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Women Have Gone Further Than The Ad World Knows
The Indian Air Force ad, ALT Balaji’s show ‘The Test Case’ are making a strong case for women equality, but these messages are behind time, and merely reflecting the on-ground change
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Many brands and marketers are contributing towards the women at work issue. P&G’s very famous, and widely awarded, ‘Share the Load’ campaign addressed concerns around sharing chores at home with working women. Several ads, before and after, have spread similar messages for some time now. If you ask whether these ads have driven any change. Well, there is no easy, or one, answer.
But that does not mean the issue should not be voiced. It must be, especially in light of the census and World Bank data last year that show, despite economic growth, India has the worst record of women in workforce among BRIC markets. A large part of this is attributed to rural India, but a closer look at statistics shows that urban India isn’t much better.
It is hence not very surprising to see ads and other content that not only advocate women equality but also encourage them to work in jobs conventionally atypical of women.
Creative veterans have said time and again that creativity can drive human progress. While, it would appear that professionals in India are taking their roles in this context very seriously, these recent examples are only reflecting the changes already happening in India.
The Indian Air Force ad ‘Ladki Hoon Main’ is an interesting example. For people like me, it will bring out mixed feelings. Stop generalising, is one of them. If you have read about women in the Indian armed forces, some stories are nothing short of extraordinary. Even though India started recruiting women in the armed forces back in 1992, only 3 per cent of the military comprises women today. India took a step forward and in 2016, joined a handful of countries that employ women in all roles, including combat.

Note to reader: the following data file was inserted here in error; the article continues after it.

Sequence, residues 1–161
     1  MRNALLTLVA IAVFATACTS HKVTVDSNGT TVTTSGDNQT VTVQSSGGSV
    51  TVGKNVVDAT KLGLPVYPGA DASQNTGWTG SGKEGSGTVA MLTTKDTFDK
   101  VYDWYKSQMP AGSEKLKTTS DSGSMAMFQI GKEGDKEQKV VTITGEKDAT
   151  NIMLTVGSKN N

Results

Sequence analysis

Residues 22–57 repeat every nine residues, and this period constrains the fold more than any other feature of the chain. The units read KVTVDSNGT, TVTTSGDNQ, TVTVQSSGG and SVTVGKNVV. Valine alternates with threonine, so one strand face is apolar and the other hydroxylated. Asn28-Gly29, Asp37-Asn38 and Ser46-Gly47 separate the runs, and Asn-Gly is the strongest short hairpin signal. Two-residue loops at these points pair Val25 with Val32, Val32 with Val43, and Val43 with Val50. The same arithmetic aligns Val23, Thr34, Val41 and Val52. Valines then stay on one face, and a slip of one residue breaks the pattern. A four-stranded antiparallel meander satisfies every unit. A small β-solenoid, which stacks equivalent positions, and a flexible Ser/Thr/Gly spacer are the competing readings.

Inspired by that perhaps, is the ALT Balaji show, ‘The Test Case’. The premise: female protagonist in a workplace that makes “men out of boys”. In one of the promos, she is asked what she wants to be, and she says ‘Commando, Sir’. In that one line, the role has become genderless.
This is a powerful call. If ads and shows like these can encourage even one girl in any city or village to pursue a dream of the skies or of defending her nation, the message has served its purpose. But let’s not forget, India already has women fighter pilots today. Our ads are only highlighting, and hopefully spreading, the change that has begun.
In many ways, in India, and on this issue, creativity has played catch up. The change is already taking place, and brands have to be foolish to not participate in it. If a brand is not asking itself what is its female quotient, it is missing a very significant wave.
Much is happening in global advertising on this front. At Cannes Lions 2017, festival organisers have gone all out for a gender-balanced ad world. Encouraging young women creatives to be at the festival, ensuring women representation in juries and instructing all jurors to be not kind to ads that objectify women, are just some of the steps.
Agencies that have reached higher women quotas are celebrating it full throttle. Digital companies such as Facebook are going the extra mile for women entrepreneurs and women in workforce. Global chief marketing officers (CMO) are sharing stories of what women face and how they have fought it. Case in point, SC & Johnson Global CMO Ann Mukherjee, who had overwhelmed 300-odd people at a recent forum in Mumbai with her story of overcoming challenges.
The male-dominated advertising world in India has to gear up and take notice, because change is steadily coming.